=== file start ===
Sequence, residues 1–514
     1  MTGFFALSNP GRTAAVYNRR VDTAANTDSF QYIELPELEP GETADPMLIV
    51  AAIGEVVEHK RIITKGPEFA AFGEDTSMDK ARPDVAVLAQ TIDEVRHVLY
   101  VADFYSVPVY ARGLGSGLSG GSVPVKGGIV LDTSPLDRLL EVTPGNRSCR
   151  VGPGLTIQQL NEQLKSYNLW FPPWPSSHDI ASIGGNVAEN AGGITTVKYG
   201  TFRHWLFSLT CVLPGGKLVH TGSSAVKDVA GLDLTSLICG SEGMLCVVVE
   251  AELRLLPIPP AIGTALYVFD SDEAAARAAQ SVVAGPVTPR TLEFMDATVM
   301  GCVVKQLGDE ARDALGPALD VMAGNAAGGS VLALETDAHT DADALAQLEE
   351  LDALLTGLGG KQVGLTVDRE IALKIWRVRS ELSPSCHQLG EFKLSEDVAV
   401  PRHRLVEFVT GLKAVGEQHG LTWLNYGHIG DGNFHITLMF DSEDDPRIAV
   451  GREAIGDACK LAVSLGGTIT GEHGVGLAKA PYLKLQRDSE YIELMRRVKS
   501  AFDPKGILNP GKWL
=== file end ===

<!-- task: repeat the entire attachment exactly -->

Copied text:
Sequence, residues 1–514
     1  MTGFFALSNP GRTAAVYNRR VDTAANTDSF QYIELPELEP GETADPMLIV
    51  AAIGEVVEHK RIITKGPEFA AFGEDTSMDK ARPDVAVLAQ TIDEVRHVLY
   101  VADFYSVPVY ARGLGSGLSG GSVPVKGGIV LDTSPLDRLL EVTPGNRSCR
   151  VGPGLTIQQL NEQLKSYNLW FPPWPSSHDI ASIGGNVAEN AGGITTVKYG
   201  TFRHWLFSLT CVLPGGKLVH TGSSAVKDVA GLDLTSLICG SEGMLCVVVE
   251  AELRLLPIPP AIGTALYVFD SDEAAARAAQ SVVAGPVTPR TLEFMDATVM
   301  GCVVKQLGDE ARDALGPALD VMAGNAAGGS VLALETDAHT DADALAQLEE
   351  LDALLTGLGG KQVGLTVDRE IALKIWRVRS ELSPSCHQLG EFKLSEDVAV
   401  PRHRLVEFVT GLKAVGEQHG LTWLNYGHIG DGNFHITLMF DSEDDPRIAV
   451  GREAIGDACK LAVSLGGTIT GEHGVGLAKA PYLKLQRDSE YIELMRRVKS
   501  AFDPKGILNP GKWL